A first end of a high impedance microstrip circuit 28 of approximately one-quarter wavelength at the operating frequency is coupled to the emitter of the transistor 20. The second end of microstrip circuit 28 is coupled to the first end of a low impedance microstrip circuit 30. The second end of microstrip circuit 30 is open. In this configuration, microstrip circuits 28 and 30 establish a low impedance node at the junction of these circuits and a high impedance node at the emitter of the transistor 20. DC emitter bias current is provided by a resistor 26 connected between the common node of stripline circuits 28 and 30 and a negative voltage supply. DC operating bias is supplied to the base of the transistor 20 by a second bias network comprising two resistors 32 and 34, and a diode 36. Resistors 32 and 34 establish a current through the diode 36 which is large compared to the DC base current of the transistor 20 to produce a substantially constant voltage at the junction of resistor 34 and diode 36. A filter network consisting of microstrip circuits 38 and 40 couples the junction of the resistor 34 and diode 36 to the base of the transistor 20 to establish the DC base current of the transistor 20. Microstrip circuit 38 is in the order of one-quarter wavelength at the operating frequency and is coupled from the junction of the diode 36 and resistor 34 directly to the base terminal of the transistor 20. Filtering is provided by selecting the microstrip circuit 40 such that it is in the order of one-quarter wavelength at the operating frequency of the oscillator. This in conjunction with the high characteristic impedance of microstrip circuit 38 decouples for RF the base of transistor 20 from the bias circuit.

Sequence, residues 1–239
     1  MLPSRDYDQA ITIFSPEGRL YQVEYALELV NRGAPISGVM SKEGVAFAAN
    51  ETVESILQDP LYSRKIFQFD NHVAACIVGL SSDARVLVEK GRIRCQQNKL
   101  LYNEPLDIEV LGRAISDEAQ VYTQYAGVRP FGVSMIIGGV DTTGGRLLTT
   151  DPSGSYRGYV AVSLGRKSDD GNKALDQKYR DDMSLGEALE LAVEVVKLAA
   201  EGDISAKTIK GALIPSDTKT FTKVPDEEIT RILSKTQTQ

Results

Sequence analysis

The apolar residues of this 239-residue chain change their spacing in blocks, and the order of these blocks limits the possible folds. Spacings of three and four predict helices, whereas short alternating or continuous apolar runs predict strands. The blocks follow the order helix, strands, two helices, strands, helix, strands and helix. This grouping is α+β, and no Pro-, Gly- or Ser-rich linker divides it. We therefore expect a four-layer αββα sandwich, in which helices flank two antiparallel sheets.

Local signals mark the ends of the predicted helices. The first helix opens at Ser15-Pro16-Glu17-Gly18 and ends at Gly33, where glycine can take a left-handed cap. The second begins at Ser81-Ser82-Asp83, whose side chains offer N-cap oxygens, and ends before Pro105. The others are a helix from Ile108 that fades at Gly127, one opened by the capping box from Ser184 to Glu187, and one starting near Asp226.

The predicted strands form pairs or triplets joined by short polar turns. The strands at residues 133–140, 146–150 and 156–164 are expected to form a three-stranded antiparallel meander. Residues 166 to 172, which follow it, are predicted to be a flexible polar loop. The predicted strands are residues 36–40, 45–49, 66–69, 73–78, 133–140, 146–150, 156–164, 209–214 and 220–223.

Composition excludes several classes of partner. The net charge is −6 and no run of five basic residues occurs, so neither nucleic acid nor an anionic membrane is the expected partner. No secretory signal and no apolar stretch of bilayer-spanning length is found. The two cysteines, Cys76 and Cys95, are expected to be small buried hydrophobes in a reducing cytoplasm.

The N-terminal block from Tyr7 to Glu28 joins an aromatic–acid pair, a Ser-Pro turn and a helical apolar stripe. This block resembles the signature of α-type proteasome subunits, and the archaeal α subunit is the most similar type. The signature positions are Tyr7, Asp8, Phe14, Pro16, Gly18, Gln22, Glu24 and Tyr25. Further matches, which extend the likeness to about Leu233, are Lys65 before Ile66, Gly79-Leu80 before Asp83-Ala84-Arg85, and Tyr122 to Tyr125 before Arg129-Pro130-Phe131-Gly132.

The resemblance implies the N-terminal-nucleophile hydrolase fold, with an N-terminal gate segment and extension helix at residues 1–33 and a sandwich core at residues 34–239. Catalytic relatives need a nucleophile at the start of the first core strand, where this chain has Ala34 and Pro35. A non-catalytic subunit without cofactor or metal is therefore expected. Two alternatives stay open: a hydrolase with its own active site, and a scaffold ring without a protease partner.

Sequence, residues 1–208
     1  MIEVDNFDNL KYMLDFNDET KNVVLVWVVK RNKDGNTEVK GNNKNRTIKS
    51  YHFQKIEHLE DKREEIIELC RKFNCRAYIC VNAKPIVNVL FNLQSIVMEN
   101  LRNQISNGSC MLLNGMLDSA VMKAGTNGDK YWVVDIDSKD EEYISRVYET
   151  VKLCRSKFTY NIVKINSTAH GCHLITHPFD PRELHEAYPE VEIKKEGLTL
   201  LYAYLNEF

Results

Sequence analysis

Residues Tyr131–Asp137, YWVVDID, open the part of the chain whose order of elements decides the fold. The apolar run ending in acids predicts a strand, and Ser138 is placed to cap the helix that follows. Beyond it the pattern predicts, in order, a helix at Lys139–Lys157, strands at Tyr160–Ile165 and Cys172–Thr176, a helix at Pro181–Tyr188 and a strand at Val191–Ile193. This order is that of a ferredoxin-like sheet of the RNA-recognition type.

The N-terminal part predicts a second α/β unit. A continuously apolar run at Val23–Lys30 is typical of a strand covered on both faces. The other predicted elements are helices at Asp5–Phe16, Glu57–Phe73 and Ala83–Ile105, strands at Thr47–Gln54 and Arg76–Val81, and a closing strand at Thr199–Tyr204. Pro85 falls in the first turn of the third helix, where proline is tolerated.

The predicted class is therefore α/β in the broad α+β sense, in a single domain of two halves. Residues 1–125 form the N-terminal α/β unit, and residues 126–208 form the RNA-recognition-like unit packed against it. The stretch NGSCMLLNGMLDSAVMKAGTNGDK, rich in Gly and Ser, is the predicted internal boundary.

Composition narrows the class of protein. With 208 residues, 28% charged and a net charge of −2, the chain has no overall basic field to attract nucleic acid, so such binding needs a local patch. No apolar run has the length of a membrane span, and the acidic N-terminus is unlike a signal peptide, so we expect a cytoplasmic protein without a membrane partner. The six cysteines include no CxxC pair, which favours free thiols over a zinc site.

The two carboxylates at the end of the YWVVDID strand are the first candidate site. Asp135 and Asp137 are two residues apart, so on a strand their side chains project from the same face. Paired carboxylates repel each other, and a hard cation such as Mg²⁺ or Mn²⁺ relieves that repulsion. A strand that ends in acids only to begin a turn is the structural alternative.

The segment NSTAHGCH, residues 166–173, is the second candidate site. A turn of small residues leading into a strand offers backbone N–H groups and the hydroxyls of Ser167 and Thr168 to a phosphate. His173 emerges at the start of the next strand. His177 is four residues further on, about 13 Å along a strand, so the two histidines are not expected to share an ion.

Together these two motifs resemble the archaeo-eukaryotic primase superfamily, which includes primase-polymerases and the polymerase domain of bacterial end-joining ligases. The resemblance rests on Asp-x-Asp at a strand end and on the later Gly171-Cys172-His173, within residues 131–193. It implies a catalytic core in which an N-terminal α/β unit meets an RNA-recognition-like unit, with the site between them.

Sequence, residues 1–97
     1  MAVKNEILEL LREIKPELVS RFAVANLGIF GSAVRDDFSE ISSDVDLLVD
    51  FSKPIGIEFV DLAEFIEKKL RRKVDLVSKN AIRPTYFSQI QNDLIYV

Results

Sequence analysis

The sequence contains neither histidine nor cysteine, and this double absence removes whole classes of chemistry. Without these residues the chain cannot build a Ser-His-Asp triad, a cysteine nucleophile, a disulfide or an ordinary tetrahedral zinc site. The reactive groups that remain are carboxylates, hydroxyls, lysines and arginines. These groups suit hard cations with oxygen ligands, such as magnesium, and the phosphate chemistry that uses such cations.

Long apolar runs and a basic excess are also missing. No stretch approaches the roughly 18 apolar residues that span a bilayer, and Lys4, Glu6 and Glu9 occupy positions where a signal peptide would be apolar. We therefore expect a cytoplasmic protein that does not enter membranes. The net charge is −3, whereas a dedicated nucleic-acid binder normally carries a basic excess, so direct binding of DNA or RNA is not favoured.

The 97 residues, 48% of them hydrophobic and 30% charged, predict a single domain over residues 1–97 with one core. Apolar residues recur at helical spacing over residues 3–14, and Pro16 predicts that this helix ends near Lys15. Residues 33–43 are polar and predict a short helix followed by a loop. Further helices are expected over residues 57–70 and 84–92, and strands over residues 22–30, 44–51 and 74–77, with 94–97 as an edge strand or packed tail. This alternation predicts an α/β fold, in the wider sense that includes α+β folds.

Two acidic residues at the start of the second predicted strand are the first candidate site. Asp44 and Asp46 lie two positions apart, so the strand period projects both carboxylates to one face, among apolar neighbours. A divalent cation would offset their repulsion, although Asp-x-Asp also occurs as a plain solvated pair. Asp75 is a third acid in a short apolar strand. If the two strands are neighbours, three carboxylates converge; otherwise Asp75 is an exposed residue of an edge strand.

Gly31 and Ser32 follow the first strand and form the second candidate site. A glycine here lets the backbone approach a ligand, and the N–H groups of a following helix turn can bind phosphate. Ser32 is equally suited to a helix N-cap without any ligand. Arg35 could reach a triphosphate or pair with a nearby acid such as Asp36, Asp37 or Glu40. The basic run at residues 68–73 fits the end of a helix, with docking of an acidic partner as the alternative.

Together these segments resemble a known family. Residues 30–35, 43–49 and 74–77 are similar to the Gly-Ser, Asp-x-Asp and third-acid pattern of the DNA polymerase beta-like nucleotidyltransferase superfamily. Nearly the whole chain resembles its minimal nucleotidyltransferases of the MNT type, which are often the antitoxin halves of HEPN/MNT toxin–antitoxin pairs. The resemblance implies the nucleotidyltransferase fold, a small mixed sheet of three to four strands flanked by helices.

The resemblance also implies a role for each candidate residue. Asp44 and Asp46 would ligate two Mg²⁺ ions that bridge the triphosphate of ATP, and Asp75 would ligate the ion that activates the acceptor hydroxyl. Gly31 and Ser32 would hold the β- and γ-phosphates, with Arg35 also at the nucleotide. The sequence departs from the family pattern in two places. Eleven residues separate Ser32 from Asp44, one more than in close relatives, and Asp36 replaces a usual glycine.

The common junction of the bias resistors 26 and 32 is coupled to a negative bias voltage supply. The collector of transistor 20 is coupled to ground as previously described. Resistors 26, 32 and 34 are selected to have a value such that the collector to emitter voltage of the transistor 20 is approximately 10 volts with a collector current in the range of 20 to 40 ma depending on the transistor type used. As is common with all transistors with an increase in temperature, the base to emitter voltage of transistor 20 decreases. Similarly, the voltage drop across the diode 36 also decreases with an increase in temperature. This tends to maintain the collector current of transistor 20 substantially constant with changes in temperature. A constant collector current for transistor 20 has been found to be advantageous in that it improves the overall stability of the oscillator with changes in temperature.